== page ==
Today the market has been up and sideways basically, perhaps a little more defensive this afternoon,...
My Once-Per-Month Trade on Google (GOOG)
10/26/2009 11:32 am EST
I’ve been trading a specific option strategy for a while now, and Tim Bourquin asked if I would share it with MoneyShow.com readers.
Every month, there is one stock that market makers manipulate on options expiration day—here’s why and how. 75% of the time, they will pin the stock at a $10 increment, and you can reliably predict which price the stock is going to end at by the time the market closes. Knowing the end price of a stock on expiration day is incredibly powerful knowledge and a way to produce amazing returns in a highly predictable monthly trade. It's like betting on a sports game except you already know what the final score is going to be, so all you have to do is pick which team wins—during the game—the bulls or the bears.
The stock that the market makers manipulate is Google (GOOG). I first noticed this happen back in October of 2006 when Google released earnings the day before options expiration, like they always do. They had a blowout earnings report and the stock gapped up $30. Curiously, the price action the day after earnings was flatlined, and the stock never moved more than $5 from a price I can no longer remember. Curious, I read the Yahoo forums a little and all the traders were saying it was the market maker’s way of keeping the price down so that Google would explode the following Monday. Sure enough, that is exactly what happened. I was in and out of Google the following week for a nice return and then Google was out of sight and mind.
Fast forward to September 2009. I sold some Google put credit spreads and heading into options expiration week, I remembered what happened back in October 2006. So curiously, I again watched the price of Google on options expiration day and sure enough, same thing! Google was put within $2 of a $10 increment again. It was actually at about $491.00 before it was bought up to $491.46 during the last one or two minutes of trading. I made 33% on a one-day options trade and I was intrigued. I went back over the ending price of Google for the past two years on options expiration day to see if this was a coincidence or a reoccurring pattern. What I found out made it difficult to sleep at night for the next week!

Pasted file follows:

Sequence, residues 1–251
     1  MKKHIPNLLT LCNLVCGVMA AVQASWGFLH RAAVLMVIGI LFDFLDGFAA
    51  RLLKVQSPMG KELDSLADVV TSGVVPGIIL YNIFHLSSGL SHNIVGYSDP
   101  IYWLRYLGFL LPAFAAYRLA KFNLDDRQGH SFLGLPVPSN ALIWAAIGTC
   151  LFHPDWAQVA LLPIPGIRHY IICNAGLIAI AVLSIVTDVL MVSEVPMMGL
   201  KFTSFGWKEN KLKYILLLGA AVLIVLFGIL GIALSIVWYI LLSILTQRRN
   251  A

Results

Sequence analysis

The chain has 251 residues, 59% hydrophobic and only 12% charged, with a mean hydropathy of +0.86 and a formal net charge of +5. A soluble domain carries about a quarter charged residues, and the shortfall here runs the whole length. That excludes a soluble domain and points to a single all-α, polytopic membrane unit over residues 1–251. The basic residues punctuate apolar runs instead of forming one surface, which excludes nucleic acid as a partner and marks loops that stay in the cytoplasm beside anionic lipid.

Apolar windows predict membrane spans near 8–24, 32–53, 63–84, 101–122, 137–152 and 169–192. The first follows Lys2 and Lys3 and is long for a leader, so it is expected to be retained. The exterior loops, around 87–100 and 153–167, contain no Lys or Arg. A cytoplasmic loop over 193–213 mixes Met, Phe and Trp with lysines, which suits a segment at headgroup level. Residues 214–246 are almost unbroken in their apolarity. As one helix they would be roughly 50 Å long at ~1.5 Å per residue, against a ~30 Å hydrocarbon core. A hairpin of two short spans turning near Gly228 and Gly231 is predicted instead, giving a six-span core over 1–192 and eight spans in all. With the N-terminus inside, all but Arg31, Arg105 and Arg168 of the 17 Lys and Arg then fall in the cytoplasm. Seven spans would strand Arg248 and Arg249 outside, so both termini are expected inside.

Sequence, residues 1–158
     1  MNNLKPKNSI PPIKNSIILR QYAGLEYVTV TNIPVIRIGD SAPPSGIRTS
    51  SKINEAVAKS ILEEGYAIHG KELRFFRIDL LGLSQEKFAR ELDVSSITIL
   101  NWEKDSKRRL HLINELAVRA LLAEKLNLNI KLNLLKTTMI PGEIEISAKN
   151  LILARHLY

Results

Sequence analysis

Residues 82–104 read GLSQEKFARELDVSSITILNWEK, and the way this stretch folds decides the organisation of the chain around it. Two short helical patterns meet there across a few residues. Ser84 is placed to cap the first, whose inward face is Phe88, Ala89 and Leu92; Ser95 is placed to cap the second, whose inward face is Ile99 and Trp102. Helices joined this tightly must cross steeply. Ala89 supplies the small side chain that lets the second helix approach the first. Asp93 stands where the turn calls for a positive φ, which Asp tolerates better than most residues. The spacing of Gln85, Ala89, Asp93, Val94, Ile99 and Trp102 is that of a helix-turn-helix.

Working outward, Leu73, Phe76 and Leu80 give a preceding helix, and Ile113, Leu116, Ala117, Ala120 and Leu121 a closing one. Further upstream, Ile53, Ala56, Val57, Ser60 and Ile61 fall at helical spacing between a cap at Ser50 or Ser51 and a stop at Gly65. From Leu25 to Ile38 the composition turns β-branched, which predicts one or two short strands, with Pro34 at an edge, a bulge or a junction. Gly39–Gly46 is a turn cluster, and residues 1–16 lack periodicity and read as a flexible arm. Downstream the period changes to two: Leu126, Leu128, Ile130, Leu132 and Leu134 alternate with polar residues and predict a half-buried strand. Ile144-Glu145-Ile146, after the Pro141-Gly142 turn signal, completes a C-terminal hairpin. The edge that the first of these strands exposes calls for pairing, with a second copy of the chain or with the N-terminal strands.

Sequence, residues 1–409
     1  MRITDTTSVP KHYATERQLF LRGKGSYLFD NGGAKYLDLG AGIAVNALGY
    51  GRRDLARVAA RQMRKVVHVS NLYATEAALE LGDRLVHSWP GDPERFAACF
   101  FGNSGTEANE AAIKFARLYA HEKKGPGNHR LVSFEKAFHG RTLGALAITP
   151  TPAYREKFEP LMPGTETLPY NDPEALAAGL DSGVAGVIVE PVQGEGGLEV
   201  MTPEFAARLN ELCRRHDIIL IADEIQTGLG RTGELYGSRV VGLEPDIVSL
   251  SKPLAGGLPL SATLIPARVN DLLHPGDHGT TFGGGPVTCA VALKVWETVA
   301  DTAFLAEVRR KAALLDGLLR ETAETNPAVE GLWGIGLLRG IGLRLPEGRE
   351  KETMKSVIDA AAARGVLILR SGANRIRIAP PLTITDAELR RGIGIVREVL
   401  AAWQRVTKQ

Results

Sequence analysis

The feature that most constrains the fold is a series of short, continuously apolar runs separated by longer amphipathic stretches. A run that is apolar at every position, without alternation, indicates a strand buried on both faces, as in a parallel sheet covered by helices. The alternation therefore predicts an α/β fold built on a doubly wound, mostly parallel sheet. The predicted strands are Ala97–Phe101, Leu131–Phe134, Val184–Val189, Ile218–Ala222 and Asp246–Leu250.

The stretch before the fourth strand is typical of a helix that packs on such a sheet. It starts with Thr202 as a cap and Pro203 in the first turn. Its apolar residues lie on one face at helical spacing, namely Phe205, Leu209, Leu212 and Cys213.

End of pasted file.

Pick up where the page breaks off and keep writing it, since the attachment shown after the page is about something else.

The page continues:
I had discovered that a particular trade was happening on a regular basis in a highly predictable fashion. Now that I discovered it, I needed to know why it was happening. Market makers sell tons of Google options during the course of their trading. So when Google options are going to expire, they will do their best to manipulate the price of the stock and pin it at a $10 increment—$510, $520, $530, for example. Why? So that all the calls and puts that they sold at that level will expire worthless, it is their maximum profit range as an option seller and max pain for option buyers. If the stock ends at $525, the market makers will get some of their options exercised.
This is the price history of Google for the last two years on options expiration day:
The market was closed on expirations day on March 21, 2008, and I don't know which day was actual expirations, so I’ve omitted this month.
Of the last 24 option expiration months, 18 out of 24 were within +- $2.50 of a $10 increment. Of the six that were not within $2.50 of a $10 increment, the days were fairly volatile with a difference of more than $10 between the high and the low for four of the six.
The strategy that I am going to use for this trade is buying in-the-money calls or puts after the price action of the day tells me which $10 increment Google is going to end at. I want to pay $600 for the option and sell it for $900 (these numbers are of course only price targets and not set in stone). It is important to not pay much less than $600 for the option. Why? If you’re paying less than $600, that means you don't know which way the stock is going. For example, if Google is at $496, it is better to pay $600 for the 490 calls then it is to pay $400 for the 500 puts, and vice versa if Google is at $494. If the stock is going to gravitate to $500 from the market maker's price manipulation, you want the 490 calls, which means paying $600 for your options is better than paying $400. Make sense? It is also important to not pay too much for your option. If you buy them for $800, you don't leave that much room for profit if the options cap out around $900-$1000 and the exposure to downside is much greater with more limited upside.
Lets take a look at the most recent price action for Google on October 16, 2009. The attached chart shows the price action for the day. The stock opens at 547.33 and immediately drops down before bouncing back up. Over the next couple of hours, it appears its headed to $550. Google breaks $550 and reaches the high of $554.75 before heading back down. When the stock starts to head back toward $550, that should be your signal that the market makers objective price is $550 and not $560 and a sign to enter the trade buying 560 puts. You could have also made money buying 540 calls earlier in the day, but I usually like to wait until later in the day to decide which price Google will end at. Aggressive traders could have entered the calls and then set a trailing stop to make more money when Google went past $550. For October options, I bought 560 puts for $600 and sold them for $900 the same day. The beauty of this is that I didn't feel like I was making a gamble or speculating. I knew what the market makers wanted to do and all I did was wait for it to happen and execute.
This is an amazingly simple, powerful, and repeatable trading strategy with a high probability of success. I would have been excited if this was a trade that happened every quarter, but the fact that it happens nearly every month is truly amazing.
By Will Reed, active trader
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